Tests with spleen cells isolated from immunized mice showed that CAD106 does not appear to stimulate T cells. Studies of CAD106 in rhesus monkeys confirmed the mouse data in that the primate antibodies stain plaques in APP-transgenic mouse brain and AD postmortem brain, do not cross-react with APP, and block Aβ-induced toxicity in cell-based assays. Results from the phase 1 trial are expected in 2007, according to a press release issued by Cytos Biotechnology.
Lilly’s Eric Siemers described an initial single-dose trial of a so-called capture antibody. The rationale of this trial is based on the peripheral sink hypothesis. The approach grew out of a widely noted study showing that a single injection of the m266 antibody, which sticks with high affinity to soluble Aβ, improved cognition in mice overnight (Dodart et al., 2002). Together with a paper describing how peripheral injection of the m266 antibody bound plasma Aβ (DeMattos et al., 2001), this line of investigation raised hope that certain antibodies might be able to “draw” Aβ out of the brain by way of shifting a series of presumably connected transport equilibria across the brain, CSF, and blood toward the side of the blood. The vision of a peripheral therapy for AD, or perhaps a diagnostic test similar to an insulin challenge shot for diabetes, took shape.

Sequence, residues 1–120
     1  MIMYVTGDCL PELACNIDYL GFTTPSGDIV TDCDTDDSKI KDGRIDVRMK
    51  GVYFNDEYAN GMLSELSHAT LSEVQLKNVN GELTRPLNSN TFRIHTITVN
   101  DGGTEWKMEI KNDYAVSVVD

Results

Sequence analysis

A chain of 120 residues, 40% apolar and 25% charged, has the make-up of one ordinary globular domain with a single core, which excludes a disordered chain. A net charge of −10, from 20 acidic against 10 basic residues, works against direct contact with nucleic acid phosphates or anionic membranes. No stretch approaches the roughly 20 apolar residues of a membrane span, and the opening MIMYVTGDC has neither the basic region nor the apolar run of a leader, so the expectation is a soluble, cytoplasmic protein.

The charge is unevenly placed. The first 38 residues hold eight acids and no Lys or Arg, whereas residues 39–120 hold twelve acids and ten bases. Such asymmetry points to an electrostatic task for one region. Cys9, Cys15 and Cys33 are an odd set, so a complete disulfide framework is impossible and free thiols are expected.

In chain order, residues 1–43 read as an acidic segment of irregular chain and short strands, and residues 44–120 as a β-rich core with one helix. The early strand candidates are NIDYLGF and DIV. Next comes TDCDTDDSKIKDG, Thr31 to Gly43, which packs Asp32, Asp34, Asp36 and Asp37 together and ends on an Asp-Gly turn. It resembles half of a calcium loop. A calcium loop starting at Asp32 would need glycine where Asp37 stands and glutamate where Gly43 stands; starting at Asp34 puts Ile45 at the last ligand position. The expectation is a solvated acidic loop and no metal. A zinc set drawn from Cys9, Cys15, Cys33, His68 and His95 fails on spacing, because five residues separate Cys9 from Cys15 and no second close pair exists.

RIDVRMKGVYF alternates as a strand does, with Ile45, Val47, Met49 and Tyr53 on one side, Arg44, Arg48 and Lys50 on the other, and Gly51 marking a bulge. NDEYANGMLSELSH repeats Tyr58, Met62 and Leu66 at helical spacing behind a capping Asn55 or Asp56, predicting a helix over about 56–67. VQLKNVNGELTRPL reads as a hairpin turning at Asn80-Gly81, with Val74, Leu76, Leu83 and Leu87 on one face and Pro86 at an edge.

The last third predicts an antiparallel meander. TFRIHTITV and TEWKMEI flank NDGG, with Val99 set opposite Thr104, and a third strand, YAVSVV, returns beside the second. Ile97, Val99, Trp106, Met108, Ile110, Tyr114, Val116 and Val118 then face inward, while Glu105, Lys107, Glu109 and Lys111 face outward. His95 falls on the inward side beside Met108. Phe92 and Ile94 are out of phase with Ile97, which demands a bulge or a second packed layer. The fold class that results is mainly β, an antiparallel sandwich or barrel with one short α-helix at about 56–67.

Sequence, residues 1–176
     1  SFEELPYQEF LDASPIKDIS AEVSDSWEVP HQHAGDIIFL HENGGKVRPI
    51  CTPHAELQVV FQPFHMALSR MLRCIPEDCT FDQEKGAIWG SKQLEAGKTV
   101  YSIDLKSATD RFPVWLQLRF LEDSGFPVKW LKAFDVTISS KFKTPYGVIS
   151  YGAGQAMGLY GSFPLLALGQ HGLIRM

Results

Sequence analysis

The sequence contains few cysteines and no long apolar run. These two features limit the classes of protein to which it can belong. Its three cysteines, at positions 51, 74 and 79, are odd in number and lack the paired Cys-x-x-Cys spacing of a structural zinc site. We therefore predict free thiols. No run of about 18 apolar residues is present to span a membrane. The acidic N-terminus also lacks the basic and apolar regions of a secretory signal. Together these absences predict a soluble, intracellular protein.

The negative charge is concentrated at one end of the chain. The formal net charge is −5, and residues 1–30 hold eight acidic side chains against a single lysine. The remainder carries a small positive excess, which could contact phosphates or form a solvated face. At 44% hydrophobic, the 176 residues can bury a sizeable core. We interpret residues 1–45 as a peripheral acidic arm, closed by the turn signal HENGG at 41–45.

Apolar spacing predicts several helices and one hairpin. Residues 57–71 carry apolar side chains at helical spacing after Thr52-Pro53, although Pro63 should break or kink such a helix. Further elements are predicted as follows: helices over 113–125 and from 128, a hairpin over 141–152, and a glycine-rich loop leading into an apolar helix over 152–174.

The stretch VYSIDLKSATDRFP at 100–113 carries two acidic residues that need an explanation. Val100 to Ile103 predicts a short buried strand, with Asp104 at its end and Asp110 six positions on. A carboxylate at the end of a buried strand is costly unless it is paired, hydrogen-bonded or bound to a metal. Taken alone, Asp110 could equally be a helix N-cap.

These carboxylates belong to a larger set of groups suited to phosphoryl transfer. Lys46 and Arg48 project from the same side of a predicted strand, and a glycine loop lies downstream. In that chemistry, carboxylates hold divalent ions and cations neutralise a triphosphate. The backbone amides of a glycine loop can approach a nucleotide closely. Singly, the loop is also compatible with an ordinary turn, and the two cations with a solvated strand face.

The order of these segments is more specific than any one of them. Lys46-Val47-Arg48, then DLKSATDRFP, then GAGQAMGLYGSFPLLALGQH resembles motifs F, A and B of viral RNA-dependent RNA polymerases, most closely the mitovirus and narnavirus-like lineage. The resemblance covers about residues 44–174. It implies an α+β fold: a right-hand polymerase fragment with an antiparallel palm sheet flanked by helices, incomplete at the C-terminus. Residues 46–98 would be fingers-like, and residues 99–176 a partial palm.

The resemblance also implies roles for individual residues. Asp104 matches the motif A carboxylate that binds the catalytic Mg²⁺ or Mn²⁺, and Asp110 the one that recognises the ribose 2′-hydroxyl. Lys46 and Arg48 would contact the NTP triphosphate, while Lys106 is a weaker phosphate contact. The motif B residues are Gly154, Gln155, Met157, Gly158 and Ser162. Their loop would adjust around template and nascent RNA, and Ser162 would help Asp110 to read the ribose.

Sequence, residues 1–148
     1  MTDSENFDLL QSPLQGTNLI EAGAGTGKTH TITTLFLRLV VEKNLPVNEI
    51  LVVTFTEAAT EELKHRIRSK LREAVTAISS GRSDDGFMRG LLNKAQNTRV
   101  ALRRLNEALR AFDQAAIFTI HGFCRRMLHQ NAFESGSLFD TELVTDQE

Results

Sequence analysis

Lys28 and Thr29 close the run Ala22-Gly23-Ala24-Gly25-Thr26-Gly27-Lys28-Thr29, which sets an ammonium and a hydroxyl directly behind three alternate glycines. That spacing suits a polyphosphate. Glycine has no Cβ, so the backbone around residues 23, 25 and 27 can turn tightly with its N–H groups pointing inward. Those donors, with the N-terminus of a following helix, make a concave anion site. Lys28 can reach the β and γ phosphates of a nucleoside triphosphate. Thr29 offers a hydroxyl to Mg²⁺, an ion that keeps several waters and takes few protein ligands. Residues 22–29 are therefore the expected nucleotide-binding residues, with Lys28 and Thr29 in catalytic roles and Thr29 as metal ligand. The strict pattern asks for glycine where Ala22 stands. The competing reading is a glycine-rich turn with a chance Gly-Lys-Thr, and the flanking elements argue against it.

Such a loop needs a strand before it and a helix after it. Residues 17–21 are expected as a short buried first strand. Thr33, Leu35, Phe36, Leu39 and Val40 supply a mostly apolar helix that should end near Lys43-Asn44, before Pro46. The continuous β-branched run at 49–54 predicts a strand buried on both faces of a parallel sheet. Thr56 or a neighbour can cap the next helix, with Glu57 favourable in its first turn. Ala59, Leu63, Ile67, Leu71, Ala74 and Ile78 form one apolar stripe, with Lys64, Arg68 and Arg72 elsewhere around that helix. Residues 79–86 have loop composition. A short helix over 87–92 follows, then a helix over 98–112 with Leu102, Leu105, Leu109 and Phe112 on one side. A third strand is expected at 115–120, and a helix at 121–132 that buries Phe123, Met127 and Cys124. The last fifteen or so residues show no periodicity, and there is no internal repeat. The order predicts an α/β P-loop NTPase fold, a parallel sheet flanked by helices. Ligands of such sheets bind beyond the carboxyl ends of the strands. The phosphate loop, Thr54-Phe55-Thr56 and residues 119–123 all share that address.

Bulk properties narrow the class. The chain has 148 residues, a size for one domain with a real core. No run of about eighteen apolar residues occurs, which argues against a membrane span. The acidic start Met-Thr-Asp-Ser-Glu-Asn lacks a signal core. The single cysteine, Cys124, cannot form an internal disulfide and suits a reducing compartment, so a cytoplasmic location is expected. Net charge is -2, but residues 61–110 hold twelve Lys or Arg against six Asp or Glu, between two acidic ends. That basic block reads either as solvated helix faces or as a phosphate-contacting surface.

After reviewing preclinical research in PDAPP mice and rats, Siemers described the first human study in Lilly’s clinical program using LY206430. This humanized version of the m266 monoclonal antibody binds to Aβ16-23, the peptide’s midsection. Investigators infused one of four doses into the veins of four AD patients per dose, plus three placebo controls. Their mean age was 69, mean MMSE 20. The investigators took CSF samples and ran MRI scans at baseline and 21 days later. They tested the participants’ performance in the ADAS-Cog battery at baseline, three days later to check for immediate effects as seen in the animal studies, and again at 21 days. The patients were then followed for one year.
This is what the Lilly scientists found: The antibody appeared safe in terms of standard laboratory values such as liver enzymes, and it also produced no evidence of the side effects that make AD vaccinologists jittery these days, that is, inflammation or microhemorrhage. The antibody produced a typical infusion reaction in five patients, which soon resolved on its own, Siemers said.